Use ‘SET NOCOUNT ON’ in procedures. SQL server writes the number of rows affected to the client by default, which is not useful for application procedures, but forces SQL to do extra work. This may affect the query performance for no good reason. SQL server keeps the row count in @@rowcount, which can be used if the row count is required
Let’s create two procedures first.
--Procedure 1(Without NoCount) CREATE OR ALTER PROCEDURE WithOutNoCount AS BEGIN CREATE TABLE #Table (ID INT) DECLARE @ID INT = 1 DECLARE @MAXID INT = 100000 WHILE (@ID <= @MAXID) BEGIN INSERT INTO #Table VALUES (@ID) SET @ID = @ID + 1 END END GO --Procedure 2(With NoCount) CREATE OR ALTER PROCEDURE WithNoCount AS BEGIN SET NOCOUNT ON CREATE TABLE #Table (ID INT) DECLARE @ID INT = 1 DECLARE @MAXID INT = 100000 WHILE (@ID <= @MAXID) BEGIN INSERT INTO #Table VALUES (@ID) SET @ID = @ID + 1 END END GO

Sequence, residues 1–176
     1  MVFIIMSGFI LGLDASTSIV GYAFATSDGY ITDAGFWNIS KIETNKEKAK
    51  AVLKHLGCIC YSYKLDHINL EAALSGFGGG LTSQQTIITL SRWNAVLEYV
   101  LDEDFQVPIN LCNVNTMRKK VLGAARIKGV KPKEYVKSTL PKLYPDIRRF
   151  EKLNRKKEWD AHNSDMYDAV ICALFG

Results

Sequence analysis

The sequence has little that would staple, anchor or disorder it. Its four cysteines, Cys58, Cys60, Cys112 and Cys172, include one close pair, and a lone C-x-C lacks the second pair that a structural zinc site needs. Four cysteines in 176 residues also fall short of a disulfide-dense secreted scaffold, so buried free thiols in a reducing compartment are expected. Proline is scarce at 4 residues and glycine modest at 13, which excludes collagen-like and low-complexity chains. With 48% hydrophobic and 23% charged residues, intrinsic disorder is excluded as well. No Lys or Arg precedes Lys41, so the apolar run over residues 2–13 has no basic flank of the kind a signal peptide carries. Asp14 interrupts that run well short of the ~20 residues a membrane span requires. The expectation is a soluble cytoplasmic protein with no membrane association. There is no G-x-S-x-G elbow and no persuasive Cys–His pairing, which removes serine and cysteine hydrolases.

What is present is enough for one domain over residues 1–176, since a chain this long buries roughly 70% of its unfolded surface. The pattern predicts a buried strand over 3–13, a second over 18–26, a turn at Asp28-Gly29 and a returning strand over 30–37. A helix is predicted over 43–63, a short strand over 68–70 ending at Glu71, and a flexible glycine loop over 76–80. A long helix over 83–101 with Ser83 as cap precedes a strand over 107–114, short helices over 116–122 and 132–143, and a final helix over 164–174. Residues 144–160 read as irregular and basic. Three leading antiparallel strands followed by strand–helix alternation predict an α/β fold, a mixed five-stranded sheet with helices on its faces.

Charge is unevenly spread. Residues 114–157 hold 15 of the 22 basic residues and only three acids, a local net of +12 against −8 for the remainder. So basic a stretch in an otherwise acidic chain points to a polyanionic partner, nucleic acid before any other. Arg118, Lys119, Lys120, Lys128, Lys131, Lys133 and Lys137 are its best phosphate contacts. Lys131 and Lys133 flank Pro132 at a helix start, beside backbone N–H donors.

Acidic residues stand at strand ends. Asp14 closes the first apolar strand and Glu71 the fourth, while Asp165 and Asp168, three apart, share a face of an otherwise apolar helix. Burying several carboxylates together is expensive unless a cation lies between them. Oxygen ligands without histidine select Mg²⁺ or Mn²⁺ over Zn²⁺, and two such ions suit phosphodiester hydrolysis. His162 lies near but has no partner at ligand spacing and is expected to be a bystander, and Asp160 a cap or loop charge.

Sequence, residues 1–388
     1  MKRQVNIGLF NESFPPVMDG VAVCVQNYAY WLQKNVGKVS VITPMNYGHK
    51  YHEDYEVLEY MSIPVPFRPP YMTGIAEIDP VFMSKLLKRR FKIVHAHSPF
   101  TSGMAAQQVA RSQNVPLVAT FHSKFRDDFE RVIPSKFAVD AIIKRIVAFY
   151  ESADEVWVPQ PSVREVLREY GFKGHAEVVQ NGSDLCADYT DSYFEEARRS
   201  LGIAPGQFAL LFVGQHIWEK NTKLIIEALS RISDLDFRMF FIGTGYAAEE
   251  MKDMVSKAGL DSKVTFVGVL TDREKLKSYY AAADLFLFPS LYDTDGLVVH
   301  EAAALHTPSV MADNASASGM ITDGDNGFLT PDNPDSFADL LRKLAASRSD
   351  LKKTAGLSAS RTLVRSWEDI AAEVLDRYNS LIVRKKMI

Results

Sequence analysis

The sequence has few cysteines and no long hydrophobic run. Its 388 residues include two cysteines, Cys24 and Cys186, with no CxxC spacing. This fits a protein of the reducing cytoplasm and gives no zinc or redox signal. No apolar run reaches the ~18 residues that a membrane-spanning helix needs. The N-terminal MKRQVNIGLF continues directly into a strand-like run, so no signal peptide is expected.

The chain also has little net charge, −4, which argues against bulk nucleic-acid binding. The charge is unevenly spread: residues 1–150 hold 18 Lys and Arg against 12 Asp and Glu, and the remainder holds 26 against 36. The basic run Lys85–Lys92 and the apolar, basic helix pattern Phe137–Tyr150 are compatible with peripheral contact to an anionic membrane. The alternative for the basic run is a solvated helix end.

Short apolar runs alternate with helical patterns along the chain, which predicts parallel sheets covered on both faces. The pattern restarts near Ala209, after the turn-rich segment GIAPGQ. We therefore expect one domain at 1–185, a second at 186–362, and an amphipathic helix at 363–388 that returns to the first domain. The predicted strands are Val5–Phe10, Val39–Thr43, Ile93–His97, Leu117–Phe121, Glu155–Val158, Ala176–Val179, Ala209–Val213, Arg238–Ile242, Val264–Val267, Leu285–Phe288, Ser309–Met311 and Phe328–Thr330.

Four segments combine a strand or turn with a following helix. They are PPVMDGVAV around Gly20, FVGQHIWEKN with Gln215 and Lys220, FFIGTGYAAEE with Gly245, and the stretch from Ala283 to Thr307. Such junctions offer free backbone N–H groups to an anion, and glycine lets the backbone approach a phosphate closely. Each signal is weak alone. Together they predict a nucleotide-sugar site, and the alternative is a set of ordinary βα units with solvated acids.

There are two procedures in above script and both are same except second one also has ‘SET NOCOUNT ON’
Now let’s execute the procedures and capture the profiler data.
EXEC WithOutNoCount EXEC WithNoCount
Above is the profiler data for both procedure executions. The total duration of execution for procedure without ‘SET NOCOUNT ON’ on is continuously more 2000ms while duration of procedure with ‘SET NOCOUNT ON’ on is just more 1200ms .